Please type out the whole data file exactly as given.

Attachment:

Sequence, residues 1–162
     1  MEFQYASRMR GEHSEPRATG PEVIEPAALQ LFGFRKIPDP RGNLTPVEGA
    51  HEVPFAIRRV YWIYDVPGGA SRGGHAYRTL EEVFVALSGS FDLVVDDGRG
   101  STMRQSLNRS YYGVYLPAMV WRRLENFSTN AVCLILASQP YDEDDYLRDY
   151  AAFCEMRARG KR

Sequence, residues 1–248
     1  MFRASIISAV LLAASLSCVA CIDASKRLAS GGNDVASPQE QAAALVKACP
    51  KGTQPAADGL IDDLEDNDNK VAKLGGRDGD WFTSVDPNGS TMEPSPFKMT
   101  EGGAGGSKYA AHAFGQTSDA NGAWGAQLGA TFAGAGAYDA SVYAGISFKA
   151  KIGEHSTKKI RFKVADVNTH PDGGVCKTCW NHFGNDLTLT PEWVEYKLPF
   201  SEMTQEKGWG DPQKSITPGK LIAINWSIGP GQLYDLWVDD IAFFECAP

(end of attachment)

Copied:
Sequence, residues 1–162
     1  MEFQYASRMR GEHSEPRATG PEVIEPAALQ LFGFRKIPDP RGNLTPVEGA
    51  HEVPFAIRRV YWIYDVPGGA SRGGHAYRTL EEVFVALSGS FDLVVDDGRG
   101  STMRQSLNRS YYGVYLPAMV WRRLENFSTN AVCLILASQP YDEDDYLRDY
   151  AAFCEMRARG KR

Sequence, residues 1–248
     1  MFRASIISAV LLAASLSCVA CIDASKRLAS GGNDVASPQE QAAALVKACP
    51  KGTQPAADGL IDDLEDNDNK VAKLGGRDGD WFTSVDPNGS TMEPSPFKMT
   101  EGGAGGSKYA AHAFGQTSDA NGAWGAQLGA TFAGAGAYDA SVYAGISFKA
   151  KIGEHSTKKI RFKVADVNTH PDGGVCKTCW NHFGNDLTLT PEWVEYKLPF
   201  SEMTQEKGWG DPQKSITPGK LIAINWSIGP GQLYDLWVDD IAFFECAP